Combining PSLF with SCRA

The SCRA provides service members with a number of benefits and protections.  For instance, if a service member accrues debt prior to entering active duty service, the SCRA permits reducing interest on those debts to six percent.   This SCRA provision may allow judge advocates to reduce interest on student loans taken out while in law school to six percent shortly after graduation. Two of the most common types of loans that junior judge advocates have are Stafford and Grad PLUS loans.  As of January 2012, the current interest rate on Stafford loans taken out during law school is 6.8 percent, while the interest rate on Grad PLUS loans taken out during law school is slightly higher at 7.9 percent.  Given that the current interest rates for Stafford loans and Grad PLUS loans entered into during law school exceed six percent, the SCRA may temper the sting of compounding interest for qualifying individuals.  Considering the large amount of federal student loan debt that many judge advocates carry, a one to two percent reduction in interest rates may make a big difference in the overall amount of loan repayment.  However, before judge advocates consolidate federal student loans in order to start making qualifying payments under PLSF, they should keep one thing in mind: if they have some qualifying loans with a fixed interest rate of less than six percent and some qualifying loans with an interest rate of more than six percent, it is very important that they request an interest rate reduction under the SCRA before consolidating their loans.  Some individuals were fortunate, securing Perkins loans with very low interest rates; consolidation may not be in their best interest if it involves a merger with loans of much higher interest rates, or if they qualify to have portions of these loans cancelled due to law enforcement or military service exceptions. In sum, the PSLF program has the potential to provide financial benefits to judge advocates who have student loan debt.  However, because there are inherent risks associated with relying on the PSLF program, judge advocates should take full advantage of the benefits associated with the SCRA in order to reduce the amount of interest that will accumulate on their loans while they are making PSLF payments.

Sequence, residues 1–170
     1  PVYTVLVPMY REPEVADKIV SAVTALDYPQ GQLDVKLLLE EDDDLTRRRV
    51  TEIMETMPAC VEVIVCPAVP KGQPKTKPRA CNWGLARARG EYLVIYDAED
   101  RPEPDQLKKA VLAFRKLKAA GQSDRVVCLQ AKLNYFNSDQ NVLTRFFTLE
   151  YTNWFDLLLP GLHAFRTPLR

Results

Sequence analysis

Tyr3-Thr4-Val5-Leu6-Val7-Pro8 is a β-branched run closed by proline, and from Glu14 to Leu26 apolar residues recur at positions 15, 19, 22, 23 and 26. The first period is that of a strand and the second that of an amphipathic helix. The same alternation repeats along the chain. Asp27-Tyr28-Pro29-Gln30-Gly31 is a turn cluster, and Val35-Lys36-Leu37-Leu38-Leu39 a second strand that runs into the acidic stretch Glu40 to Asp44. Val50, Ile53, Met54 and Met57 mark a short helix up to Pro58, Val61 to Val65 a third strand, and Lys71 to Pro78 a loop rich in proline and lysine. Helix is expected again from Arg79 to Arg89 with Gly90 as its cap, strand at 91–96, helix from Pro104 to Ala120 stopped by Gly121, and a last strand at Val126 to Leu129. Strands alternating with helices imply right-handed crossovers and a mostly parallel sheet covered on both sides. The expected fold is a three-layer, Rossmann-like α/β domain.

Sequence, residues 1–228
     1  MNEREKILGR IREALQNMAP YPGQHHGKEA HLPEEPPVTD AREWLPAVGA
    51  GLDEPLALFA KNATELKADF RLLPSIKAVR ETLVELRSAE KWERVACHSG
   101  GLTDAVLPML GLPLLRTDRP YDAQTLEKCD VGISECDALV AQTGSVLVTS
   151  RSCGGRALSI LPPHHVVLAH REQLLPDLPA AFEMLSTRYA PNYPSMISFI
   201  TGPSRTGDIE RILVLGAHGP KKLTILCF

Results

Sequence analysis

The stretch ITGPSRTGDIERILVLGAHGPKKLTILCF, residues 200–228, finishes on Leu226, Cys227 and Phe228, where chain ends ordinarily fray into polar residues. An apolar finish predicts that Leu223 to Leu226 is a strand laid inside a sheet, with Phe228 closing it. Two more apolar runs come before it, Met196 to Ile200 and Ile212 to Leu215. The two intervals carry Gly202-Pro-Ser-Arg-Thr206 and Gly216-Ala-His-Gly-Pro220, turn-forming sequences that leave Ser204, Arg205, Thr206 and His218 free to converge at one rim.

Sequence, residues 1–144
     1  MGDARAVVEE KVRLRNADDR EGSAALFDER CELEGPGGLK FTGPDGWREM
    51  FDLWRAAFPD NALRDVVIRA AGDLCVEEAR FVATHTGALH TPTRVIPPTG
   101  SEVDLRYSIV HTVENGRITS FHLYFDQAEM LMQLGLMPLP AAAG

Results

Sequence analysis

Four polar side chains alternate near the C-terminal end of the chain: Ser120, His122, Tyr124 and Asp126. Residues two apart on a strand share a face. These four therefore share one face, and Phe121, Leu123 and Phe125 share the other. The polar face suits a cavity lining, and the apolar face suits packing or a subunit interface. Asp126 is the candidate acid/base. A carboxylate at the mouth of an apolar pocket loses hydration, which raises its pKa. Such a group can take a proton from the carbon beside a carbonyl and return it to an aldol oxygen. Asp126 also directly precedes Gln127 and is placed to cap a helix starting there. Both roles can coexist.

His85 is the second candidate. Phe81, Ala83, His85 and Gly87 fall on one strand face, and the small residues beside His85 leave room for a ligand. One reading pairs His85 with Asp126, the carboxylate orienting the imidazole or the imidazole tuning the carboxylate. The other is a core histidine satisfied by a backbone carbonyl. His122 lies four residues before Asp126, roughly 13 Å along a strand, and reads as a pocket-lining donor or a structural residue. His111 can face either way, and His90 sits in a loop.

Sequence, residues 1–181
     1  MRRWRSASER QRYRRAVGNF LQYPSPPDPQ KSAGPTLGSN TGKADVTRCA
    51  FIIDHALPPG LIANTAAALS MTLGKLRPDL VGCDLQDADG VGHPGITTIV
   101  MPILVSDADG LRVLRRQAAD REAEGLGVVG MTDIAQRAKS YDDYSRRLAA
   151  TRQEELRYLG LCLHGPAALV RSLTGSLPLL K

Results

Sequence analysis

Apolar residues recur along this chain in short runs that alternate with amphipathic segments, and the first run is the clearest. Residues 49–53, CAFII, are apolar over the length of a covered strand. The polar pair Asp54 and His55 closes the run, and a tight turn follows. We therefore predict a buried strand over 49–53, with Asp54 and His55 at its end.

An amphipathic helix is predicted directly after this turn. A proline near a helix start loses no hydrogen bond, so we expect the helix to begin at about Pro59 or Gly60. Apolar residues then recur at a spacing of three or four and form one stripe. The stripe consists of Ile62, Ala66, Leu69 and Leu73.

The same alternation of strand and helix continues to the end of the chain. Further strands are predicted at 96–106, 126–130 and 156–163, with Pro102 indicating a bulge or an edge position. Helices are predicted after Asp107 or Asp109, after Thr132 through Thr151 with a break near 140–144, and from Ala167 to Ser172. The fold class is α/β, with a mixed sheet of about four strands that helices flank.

Judge advocates with questions about student loan debts should contact the Office of the Judge Advocate General, Military Personnel Division(Code 61).